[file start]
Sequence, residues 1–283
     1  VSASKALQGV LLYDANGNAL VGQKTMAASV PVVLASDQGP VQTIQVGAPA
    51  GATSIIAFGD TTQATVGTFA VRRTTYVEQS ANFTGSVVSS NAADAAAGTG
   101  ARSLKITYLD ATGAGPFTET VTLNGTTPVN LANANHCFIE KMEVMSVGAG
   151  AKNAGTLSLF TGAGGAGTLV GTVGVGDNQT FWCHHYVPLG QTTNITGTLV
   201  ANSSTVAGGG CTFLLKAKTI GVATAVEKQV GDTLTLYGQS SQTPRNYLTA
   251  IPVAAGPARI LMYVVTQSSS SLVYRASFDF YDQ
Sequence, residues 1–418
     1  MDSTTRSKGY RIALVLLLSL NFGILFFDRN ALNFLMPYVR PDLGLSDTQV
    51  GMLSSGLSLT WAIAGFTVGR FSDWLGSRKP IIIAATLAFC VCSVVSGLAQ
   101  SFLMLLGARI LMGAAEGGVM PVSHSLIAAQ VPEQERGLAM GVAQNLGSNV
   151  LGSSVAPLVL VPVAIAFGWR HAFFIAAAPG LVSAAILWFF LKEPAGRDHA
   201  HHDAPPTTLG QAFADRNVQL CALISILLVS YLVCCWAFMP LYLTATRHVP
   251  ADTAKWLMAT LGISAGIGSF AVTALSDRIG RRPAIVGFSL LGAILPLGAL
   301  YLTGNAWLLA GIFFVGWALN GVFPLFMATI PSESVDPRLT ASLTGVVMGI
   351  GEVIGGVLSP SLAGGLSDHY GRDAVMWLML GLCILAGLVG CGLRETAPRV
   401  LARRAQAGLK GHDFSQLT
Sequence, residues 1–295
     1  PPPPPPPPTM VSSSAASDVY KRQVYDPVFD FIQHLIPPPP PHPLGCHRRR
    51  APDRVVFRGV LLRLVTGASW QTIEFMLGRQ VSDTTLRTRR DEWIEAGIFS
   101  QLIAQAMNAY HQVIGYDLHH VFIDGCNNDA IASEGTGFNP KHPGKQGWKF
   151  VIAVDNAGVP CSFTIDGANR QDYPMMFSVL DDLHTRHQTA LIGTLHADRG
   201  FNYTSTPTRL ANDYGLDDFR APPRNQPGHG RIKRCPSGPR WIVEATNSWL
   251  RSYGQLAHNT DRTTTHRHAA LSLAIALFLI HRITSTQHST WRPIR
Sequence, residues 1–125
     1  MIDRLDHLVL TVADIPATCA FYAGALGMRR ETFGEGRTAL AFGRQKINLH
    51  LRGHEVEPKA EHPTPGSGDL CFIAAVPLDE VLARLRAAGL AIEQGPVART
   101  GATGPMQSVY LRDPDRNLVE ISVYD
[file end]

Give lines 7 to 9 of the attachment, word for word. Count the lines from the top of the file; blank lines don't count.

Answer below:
   251  IPVAAGPARI LMYVVTQSSS SLVYRASFDF YDQ
Sequence, residues 1–418
     1  MDSTTRSKGY RIALVLLLSL NFGILFFDRN ALNFLMPYVR PDLGLSDTQV